A Dangerously Blithe Indifference?

3/28/2011


U.S. stocks have rebounded impressively despite major global uncertainties, with the Dow Industrials and Dow Transports moving within 1% of the mid-February highs.

Some argue that the market's resiliency amid so many potentially destabilizing headlines reveals a dangerously blithe indifference on the part of investors, that stocks are headed for a fall once people stop looking on the bright side and realize:

• oil is up 11% since Dec. 31 to more than $104 per barrel, and the Middle East is coming apart at the seams;

• the number of bailed-out European nations is set to reach three with the likely near-term addition of Portugal;

• gold is trading at all-time highs versus the dollar amid doubts about the U.S. government's ability to service its debt load without inflationary currency debasement;

• and Japan's nuclear troubles have yet to be resolved, while the world's third-largest economy has suffered a massive shock.

Others argue that today's buy-the-dip mentality reflects an enduring shift into stocks and out of bonds, that yield-starved investors are realizing stocks are not just the only game in town but are also cheap relative to historical norms and relative to inflation and interest rates — especially considering the impressive earnings growth U.S. companies are delivering.

Dow Theorists argue that such arguments are best settled by the price action of the Dow Industrials and Dow Transports, that breakouts above previous significant highs and breakdowns below previous lows reveal the stock market's primary trend.

Core beliefs

Are the underlying values of shares in U.S. companies becoming more valuable or less valuable? Answering that question with measures of profit and interest-rate expectations is tough, so Dow Theorists take a shortcut, predicating their system on some core beliefs:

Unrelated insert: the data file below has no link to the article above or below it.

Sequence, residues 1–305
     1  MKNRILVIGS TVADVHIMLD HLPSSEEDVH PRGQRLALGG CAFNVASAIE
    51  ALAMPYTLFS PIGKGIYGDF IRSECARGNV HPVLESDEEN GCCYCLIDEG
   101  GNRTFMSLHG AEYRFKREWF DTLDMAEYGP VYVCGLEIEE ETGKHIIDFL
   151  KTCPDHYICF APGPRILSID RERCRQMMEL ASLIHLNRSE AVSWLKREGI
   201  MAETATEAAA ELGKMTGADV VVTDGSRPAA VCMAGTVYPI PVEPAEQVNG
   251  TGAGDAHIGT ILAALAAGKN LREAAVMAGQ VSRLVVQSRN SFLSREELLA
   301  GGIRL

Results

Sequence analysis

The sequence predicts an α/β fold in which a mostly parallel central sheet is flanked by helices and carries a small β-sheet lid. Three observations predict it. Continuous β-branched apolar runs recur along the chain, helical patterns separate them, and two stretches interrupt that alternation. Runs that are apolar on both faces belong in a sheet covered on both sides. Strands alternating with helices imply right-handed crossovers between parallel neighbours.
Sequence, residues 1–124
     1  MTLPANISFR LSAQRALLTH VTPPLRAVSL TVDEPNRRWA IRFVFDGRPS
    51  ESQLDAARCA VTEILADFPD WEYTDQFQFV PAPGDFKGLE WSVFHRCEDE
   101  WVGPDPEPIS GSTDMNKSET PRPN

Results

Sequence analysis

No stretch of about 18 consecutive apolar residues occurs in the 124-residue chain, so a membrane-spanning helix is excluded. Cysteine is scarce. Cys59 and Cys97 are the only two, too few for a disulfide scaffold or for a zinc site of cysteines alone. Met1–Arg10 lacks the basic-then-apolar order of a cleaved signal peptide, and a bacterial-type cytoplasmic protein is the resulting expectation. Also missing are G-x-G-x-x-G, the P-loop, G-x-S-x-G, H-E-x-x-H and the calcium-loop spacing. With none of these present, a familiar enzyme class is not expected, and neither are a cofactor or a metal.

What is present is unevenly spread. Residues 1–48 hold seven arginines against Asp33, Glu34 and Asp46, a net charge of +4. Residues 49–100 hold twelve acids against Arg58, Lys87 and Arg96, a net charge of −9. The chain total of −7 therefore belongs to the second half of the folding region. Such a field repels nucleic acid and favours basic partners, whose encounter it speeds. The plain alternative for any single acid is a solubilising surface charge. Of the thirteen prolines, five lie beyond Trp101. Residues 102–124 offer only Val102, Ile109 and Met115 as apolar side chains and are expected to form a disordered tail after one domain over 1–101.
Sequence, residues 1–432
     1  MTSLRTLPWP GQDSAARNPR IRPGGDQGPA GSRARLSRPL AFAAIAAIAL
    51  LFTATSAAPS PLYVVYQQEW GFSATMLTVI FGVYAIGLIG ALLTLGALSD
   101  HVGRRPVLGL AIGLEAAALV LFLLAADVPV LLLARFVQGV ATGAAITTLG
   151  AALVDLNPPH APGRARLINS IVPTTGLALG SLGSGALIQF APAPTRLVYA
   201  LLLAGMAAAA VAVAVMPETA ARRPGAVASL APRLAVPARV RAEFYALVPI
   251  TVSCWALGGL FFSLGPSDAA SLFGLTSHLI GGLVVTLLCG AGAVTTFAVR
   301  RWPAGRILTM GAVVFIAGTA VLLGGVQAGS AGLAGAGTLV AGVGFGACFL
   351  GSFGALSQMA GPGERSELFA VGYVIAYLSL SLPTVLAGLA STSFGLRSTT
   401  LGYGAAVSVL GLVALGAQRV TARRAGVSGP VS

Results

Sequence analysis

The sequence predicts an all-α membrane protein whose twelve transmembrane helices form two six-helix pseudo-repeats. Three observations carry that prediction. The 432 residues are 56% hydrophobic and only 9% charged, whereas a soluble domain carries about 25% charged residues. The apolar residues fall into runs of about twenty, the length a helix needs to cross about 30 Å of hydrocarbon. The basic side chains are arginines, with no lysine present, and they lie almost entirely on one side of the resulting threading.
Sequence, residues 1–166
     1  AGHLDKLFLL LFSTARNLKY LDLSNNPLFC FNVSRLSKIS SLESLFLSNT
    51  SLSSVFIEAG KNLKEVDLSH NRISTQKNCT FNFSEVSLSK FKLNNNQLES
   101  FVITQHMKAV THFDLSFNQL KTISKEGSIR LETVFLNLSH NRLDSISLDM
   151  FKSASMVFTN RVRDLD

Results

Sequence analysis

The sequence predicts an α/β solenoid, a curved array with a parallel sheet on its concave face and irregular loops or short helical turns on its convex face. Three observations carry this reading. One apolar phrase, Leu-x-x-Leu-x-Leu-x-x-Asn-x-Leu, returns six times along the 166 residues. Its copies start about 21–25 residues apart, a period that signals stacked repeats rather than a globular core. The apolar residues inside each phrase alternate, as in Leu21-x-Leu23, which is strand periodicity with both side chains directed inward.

• In the main, the collective wisdom revealed in the action of the averages is correct. In other words, the majority money opinion usually gets it right.

• Sometimes sentiment will go to extremes, with stocks getting ahead of themselves or moving to an unjustified discount to underlying value because of the mood swings common in all bull and bear markets.

• When previous significant highs are surpassed, with the averages moving above highs reached at previous peaks in bullish sentiment, underlying values are probably rising and the market's primary trend is bullish. When the averages move below previous significant lows, underlying values are likely deteriorating and the primary trend is bearish.

• No such system is perfect, but investors can reduce the incidence of false signals by insisting on confirmation from both the Industrials and Transports.

Think of it this way: Today we are all getting a chance to sell near the highs reached in mid-February, when investor sentiment was quite optimistic. If investors don't see that as a selling opportunity — and both averages move above the mid-February highs of 12,391.25 on the Industrials and 5,298.10 on the Transports — it would suggest the majority money opinion remains in the bullish camp. For now, we intend to watch the averages while maintaining 9% to 15% of equity portfolios in a short-term bond fund. Apple ($351; AAPL) represents a top buy.


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